Pronounced: jew-va-nigh-el roo-MAH-toyd arth-RI-tis
Juvenile rheumatoid arthritis (JRA) is a disease of the joints in children. It can effect a child over a long period of time. JRA often starts before the child is 16 years old.
In JRA, the joint to become red and swollen. It will make the joint painful and difficult to move. JRA can also lead to long term damage to the joint. For some, JRA can interfere with the child's growth and development.
There are five major types of JRA:
JRA can be a serious condition. Your child will need care from a doctor. The sooner JRA is treated, the better the outcome.
JRA is caused by a problem of the immune system. The normal job of the immune system is to find and destroy items that should not be in the body, like viruses. With JRA, the immune system attacks the healthy tissue in the joint. It is not clear why this happens. The immune system problems may be caused by genetics and/or factors in the environment.
There are no clear risk factors for JRA. Factors that may be associated with some types of JRA include:
JRA symptoms may be mild or severe. If your child has any of these, do not assume it is due to JRA. These symptoms may be caused by other, less serious conditions. See your doctor if your child has any of these symptoms:
Some symptoms are specific to each type of JRA. For example:
Often, there are remissions and flare-ups. Remission is a time when the symptoms are better or disappear. Flare-ups are times when symptoms become worse.
More than one test may be needed to diagnose JRA. The tests will also help to eliminate the possibility of other diseases.
Your doctor will ask about your child’s symptoms. You will also be asked about your family medical history. A physical exam will be done. Your child may be referred to a special doctor if JRA is suspected. The specialist is a doctor that focuses on diseases of the joints.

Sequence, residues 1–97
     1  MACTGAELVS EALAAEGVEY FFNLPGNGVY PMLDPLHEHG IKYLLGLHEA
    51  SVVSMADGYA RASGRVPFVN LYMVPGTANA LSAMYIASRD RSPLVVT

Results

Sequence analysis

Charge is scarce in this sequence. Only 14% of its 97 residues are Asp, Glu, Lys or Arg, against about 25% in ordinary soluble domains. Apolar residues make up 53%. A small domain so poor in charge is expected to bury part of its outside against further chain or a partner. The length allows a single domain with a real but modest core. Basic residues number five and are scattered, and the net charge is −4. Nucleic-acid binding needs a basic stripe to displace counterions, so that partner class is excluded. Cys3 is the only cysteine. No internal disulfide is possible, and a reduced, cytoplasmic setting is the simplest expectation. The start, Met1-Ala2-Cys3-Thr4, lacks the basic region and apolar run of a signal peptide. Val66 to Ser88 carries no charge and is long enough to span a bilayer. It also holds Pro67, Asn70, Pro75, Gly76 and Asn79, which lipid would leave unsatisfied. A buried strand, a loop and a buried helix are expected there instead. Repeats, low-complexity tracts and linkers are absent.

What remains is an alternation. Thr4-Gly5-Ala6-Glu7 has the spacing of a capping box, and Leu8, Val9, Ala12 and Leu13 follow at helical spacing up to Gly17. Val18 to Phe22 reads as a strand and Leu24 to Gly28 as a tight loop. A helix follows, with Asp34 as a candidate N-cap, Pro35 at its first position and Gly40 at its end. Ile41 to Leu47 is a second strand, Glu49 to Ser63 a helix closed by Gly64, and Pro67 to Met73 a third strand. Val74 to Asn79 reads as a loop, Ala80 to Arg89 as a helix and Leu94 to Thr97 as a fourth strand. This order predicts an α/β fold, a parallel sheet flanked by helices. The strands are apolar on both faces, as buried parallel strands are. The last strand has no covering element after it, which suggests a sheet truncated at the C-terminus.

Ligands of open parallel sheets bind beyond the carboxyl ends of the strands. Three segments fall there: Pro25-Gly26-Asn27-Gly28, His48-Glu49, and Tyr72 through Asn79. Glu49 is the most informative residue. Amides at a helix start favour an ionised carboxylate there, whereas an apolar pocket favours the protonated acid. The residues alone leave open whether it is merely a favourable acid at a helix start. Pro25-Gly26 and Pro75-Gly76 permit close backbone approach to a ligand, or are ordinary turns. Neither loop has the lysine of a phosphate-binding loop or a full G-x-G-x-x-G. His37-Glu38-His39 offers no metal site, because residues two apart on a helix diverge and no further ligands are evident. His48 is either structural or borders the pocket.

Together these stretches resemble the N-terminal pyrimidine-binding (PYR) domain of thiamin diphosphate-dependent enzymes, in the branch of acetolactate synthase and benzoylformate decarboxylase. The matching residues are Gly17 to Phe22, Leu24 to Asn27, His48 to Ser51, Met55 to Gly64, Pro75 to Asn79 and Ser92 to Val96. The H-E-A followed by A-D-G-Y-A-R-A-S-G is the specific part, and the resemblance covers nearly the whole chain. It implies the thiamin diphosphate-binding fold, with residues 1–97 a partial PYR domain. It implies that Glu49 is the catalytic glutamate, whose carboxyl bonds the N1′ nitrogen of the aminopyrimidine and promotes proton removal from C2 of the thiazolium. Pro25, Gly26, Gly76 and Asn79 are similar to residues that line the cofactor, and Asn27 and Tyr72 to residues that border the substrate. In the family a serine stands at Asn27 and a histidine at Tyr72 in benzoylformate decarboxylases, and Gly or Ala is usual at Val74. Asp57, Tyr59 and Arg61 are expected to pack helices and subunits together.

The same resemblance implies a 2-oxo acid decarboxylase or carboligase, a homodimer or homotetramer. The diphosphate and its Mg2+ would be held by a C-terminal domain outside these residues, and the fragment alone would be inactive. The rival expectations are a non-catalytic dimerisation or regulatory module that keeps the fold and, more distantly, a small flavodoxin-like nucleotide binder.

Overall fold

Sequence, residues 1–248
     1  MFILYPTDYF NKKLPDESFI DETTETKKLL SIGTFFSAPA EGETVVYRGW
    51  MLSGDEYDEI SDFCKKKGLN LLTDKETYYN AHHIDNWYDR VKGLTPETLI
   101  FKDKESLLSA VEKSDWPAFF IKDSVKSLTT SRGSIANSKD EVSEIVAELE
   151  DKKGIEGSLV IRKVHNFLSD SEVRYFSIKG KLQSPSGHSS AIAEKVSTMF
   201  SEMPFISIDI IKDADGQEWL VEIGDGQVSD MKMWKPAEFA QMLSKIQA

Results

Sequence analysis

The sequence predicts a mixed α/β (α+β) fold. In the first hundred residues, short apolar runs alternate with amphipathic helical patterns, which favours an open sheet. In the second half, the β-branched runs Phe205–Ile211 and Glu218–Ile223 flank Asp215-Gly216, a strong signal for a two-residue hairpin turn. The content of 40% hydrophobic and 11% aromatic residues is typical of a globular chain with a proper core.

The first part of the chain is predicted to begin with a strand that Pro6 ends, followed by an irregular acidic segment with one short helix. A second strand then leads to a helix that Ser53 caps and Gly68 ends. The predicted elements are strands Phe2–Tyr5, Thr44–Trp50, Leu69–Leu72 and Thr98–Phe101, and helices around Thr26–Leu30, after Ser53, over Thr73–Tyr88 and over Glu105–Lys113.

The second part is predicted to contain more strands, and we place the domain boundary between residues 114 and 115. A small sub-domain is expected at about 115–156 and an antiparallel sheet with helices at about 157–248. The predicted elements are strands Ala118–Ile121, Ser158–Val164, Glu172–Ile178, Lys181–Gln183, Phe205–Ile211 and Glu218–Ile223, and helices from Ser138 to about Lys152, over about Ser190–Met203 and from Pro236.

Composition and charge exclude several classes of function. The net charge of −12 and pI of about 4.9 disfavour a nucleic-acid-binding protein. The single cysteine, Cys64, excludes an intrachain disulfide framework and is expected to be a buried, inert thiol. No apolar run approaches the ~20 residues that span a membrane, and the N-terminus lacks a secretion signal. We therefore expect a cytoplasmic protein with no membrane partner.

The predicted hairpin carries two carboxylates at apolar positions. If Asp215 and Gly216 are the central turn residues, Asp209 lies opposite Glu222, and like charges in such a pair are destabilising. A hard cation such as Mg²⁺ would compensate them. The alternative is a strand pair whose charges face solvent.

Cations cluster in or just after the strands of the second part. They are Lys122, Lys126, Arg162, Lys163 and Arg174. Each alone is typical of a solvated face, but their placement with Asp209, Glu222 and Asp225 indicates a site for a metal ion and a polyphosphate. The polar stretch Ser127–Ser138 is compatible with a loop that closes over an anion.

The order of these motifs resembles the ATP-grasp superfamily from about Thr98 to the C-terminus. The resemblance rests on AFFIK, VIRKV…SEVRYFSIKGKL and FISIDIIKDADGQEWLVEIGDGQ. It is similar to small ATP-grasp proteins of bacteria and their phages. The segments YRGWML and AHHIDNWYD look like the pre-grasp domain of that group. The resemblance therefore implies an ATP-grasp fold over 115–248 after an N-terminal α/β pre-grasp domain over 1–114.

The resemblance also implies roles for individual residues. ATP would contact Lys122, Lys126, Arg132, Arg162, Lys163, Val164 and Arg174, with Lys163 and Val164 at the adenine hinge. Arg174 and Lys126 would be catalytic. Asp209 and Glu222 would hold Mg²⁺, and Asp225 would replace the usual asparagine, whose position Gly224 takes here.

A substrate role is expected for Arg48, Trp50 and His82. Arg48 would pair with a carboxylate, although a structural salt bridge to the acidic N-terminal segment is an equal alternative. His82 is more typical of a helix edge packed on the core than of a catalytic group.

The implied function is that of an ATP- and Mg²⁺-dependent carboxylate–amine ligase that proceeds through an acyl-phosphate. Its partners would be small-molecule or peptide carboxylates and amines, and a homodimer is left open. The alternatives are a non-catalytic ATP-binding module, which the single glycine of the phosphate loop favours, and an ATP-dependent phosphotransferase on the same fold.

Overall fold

Tests that may be ordered include:
Talk with your doctor about the best plan for your child. The plan will work to control swelling, relieve pain, and control joint damage. The goal is to keep a high level of physical and social function. This will help keep a good quality of life. Treatment options include the following:
There are several types of medication that may be used:
Exercise is done to keep the muscles around the joint strong. Strong nearby muscles will support the joint. It also help to recover the range of motion of the joints. Normal daily activity are encouraged. Non-contact sports and recreational activities may be good options. Physical activities can also help boost a child's confidence in their physical abilities.
Physical therapy may be needed. This will help to make the muscles strong and keep the joints moving well.
Splints and other devices may be recommended. They may be worn to keep bone and joint growth normal. Some joints may get stuck in a bent position. These devices can help prevent this.
American College of Rheumatology
The Arthritis Society
Behrman RE, Kliegman R, Jenson H. Nelson Textbook of Pediatrics. 18th ed. Philadelphia, PA: Saunders; 2007.
Firestein G, Kelley W. Kelley’s Textbook of Rheumatology. 8th ed. Philadelphia, PA: Saunders; 2008.
Hofer MF, Mouy R, Prieur AM. Juvenile idiopathic arthritides evaluated prospectively in a single center according to the Durban criteria. J Rheumatol. 2001. 28:1083.
Juvenile idiopathic arthritis (JIA) enthesitis related. EBSCO DynaMed website. Available at: http://www.ebscohost.com/dynamed/what.php . Updated June 4, 2012. Accessed August 2, 2012.
Juvenile idiopathic arthritis (JIA) oligoarticular. EBSCO DynaMed website. Available at: http://www.ebscohost.com/dynamed/what.php . Updated June 4, 2012. Accessed August 2, 2012.
Juvenile idiopathic arthritis (JIA) polyarticular. EBSCO DynaMed website. Available at: http://www.ebscohost.com/dynamed/what.php . Updated June 4, 2012. Accessed August 2, 2012.
Juvenile idiopathic arthritis (JIA) systemic-onset. EBSCO DynaMed website. Available at: http://www.ebscohost.com/dynamed/what.php . Updated June 4, 2012. Accessed August 2, 2012.
JAMA Patient Page. Juvenile idiopathic arthritis. JAMA . 2005;294:1722.
Petty RE, Southwood TR, Baum J, et al. Revision of the proposed classification criteria for juvenile idiopathic arthritis: Durban, 1997. J Rheumatol .1998; 25:1991.
2/5/2013 DynaMed's Systematic Literature Surveillance http://www.ebscohost.com/dynamed/what.php : De Benedetti F, Brunner HI, Ruperto N, et al. Randomized trial of tocilizumab in systemic juvenile idiopathic arthritis. N Eng J Med. 2012;367(25):2385-95.
Last reviewed September 2012 by Michael Woods
Last Updated: 2/5/2013